|Another maternity dress in a medium grey jersey|
|Close-up of the front|
|Ties in the back - handy for keeping the top UP|
You learn something new every day. With this dress, I learned a really nifty way to turn very narrow fabric tubes (to make straps/ties like these): cut the fabric about an inch and a quarter wide; fold in half lengthwise, wrong sides together; sew the long side about 1/4 inch away from the fold; thread a large needle with very strong thread (or use double or triple strands of regular thread); knot the ends; take a couple of tiny stitches at one of the ends of the tube; insert the needle BACKWARDS (eye first) into the tube and work it through to the other end of the tube, gathering as you go, until it comes out - then pull the tube right side out. It helps to hold the seam allowance while pulling the needle through so the fabric can slide along itself easily. I have turned tubes with a hook type tube turner (usually a disaster and it can make huge holes in the fabric), a bodkin, safety pins, chopsticks, pencils, and a tube-turner device called FastTurn. This needle trick worked far better than any method I've used before.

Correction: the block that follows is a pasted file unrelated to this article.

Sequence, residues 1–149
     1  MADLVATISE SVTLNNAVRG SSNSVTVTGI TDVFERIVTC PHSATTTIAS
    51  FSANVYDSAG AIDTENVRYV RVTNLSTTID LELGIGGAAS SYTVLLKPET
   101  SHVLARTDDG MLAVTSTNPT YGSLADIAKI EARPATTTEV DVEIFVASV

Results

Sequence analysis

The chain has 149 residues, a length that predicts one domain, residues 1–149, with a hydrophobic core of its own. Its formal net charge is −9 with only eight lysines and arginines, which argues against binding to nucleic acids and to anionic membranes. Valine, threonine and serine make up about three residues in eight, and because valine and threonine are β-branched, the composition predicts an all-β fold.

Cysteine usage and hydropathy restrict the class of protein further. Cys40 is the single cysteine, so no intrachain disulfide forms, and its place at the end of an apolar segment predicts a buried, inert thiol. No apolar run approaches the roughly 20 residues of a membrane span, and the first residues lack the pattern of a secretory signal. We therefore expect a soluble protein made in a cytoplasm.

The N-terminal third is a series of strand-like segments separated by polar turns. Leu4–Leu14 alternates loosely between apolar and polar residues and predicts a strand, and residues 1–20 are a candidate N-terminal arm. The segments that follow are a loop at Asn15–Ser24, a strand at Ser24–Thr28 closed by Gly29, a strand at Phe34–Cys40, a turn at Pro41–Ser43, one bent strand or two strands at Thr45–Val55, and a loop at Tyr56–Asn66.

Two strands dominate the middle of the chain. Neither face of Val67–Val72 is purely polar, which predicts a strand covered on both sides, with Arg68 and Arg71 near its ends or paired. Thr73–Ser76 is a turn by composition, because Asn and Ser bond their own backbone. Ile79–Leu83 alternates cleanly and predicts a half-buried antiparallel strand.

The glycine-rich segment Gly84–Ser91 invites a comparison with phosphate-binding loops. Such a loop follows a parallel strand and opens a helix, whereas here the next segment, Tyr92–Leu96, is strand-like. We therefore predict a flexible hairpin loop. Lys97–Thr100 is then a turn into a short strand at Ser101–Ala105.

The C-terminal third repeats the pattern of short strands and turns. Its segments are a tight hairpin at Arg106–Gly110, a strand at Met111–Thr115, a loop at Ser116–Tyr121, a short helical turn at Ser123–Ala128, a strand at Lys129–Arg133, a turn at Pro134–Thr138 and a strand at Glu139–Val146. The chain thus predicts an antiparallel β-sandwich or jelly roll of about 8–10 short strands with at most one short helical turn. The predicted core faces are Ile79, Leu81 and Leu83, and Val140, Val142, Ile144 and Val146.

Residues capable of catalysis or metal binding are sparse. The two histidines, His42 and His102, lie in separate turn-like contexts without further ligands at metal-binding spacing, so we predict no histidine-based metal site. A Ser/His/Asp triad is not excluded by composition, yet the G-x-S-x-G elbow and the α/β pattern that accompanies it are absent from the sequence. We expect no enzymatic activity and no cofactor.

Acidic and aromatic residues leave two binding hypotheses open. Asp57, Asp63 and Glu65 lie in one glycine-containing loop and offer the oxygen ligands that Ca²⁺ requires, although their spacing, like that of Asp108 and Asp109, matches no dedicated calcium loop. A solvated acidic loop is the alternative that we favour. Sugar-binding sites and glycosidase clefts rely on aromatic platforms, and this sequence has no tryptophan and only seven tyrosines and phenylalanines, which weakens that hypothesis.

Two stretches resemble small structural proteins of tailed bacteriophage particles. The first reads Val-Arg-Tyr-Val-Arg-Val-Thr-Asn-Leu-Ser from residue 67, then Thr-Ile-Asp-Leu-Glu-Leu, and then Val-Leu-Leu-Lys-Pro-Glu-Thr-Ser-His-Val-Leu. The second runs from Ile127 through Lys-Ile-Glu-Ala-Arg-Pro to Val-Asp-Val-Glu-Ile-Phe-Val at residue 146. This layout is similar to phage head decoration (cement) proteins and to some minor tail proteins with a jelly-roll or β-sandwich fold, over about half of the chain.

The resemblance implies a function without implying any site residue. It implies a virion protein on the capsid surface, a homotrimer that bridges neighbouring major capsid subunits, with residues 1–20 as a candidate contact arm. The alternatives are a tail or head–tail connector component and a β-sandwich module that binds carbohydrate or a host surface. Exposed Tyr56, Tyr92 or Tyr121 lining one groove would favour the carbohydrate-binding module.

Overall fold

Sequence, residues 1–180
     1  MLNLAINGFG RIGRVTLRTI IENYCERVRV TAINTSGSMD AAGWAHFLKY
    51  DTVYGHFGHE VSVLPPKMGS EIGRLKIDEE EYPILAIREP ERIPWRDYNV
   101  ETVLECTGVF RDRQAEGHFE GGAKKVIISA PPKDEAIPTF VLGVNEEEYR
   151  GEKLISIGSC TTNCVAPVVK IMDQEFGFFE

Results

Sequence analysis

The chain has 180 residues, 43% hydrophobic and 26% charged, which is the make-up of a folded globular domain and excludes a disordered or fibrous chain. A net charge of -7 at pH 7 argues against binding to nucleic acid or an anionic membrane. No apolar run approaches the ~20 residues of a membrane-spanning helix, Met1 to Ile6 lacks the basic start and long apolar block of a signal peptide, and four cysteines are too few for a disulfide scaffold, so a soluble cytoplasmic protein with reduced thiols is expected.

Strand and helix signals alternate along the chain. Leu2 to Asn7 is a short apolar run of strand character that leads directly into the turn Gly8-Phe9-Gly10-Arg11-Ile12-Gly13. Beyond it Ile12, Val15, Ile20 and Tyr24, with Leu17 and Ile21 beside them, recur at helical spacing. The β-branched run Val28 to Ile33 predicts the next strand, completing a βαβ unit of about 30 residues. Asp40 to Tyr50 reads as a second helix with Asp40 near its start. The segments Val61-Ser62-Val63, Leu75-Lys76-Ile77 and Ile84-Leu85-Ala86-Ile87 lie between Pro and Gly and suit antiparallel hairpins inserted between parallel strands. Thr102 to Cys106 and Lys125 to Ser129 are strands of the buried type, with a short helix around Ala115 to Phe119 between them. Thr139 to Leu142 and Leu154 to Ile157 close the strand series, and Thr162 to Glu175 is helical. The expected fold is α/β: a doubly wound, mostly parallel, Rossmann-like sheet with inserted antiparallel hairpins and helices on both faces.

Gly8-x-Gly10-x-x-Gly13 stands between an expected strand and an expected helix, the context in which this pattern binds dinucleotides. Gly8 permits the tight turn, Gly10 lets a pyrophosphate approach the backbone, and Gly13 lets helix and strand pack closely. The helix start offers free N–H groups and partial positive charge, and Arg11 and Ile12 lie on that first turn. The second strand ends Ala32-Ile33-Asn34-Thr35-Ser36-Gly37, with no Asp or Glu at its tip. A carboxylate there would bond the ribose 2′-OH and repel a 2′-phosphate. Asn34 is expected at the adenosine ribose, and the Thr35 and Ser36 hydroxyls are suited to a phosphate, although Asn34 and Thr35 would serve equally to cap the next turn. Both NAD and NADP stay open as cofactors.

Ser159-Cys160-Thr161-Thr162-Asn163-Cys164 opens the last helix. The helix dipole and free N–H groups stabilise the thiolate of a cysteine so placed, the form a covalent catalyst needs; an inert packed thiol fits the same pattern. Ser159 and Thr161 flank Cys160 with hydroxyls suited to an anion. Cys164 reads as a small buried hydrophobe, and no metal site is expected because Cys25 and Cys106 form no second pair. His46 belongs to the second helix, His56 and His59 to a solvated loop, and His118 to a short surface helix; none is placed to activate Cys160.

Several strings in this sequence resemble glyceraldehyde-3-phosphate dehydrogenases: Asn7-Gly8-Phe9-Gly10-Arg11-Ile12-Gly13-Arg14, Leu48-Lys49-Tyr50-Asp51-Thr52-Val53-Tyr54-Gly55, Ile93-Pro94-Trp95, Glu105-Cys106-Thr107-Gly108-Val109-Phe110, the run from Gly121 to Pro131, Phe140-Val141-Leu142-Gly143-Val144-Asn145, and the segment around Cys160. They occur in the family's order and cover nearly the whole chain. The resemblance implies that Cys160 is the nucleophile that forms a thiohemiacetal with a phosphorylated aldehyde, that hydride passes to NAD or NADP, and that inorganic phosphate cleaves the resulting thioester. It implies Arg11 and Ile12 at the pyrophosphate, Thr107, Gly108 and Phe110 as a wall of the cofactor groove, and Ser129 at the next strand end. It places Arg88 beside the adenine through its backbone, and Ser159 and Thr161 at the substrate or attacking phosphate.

This dress was used for a photo shoot for julesfordmaternity.com - not sure when she'll be posting it up on the website, but hopefully soon. During the fashion show (for which this dress was made), the models were wearing tummy props, but I'm thinking that the photo shoot will be using a pregnant model. Will be interesting to see it "live!"
Speaking of props, one of my upcoming tasks is to make a 35 foot by 35 foot prop cover for the marching band, with 22 matching "shrouds" for the colorguard. Oy. That will be the largest item I've ever sewn. Photos to follow, if I don't keel over first.
Apparently, someone still hasn't gotten the memo that he's been fired:
|Here, he is sleeping on the job. Literally.|
|Memo? What memo? I din't see no stinkin' memo! Har, har, har!|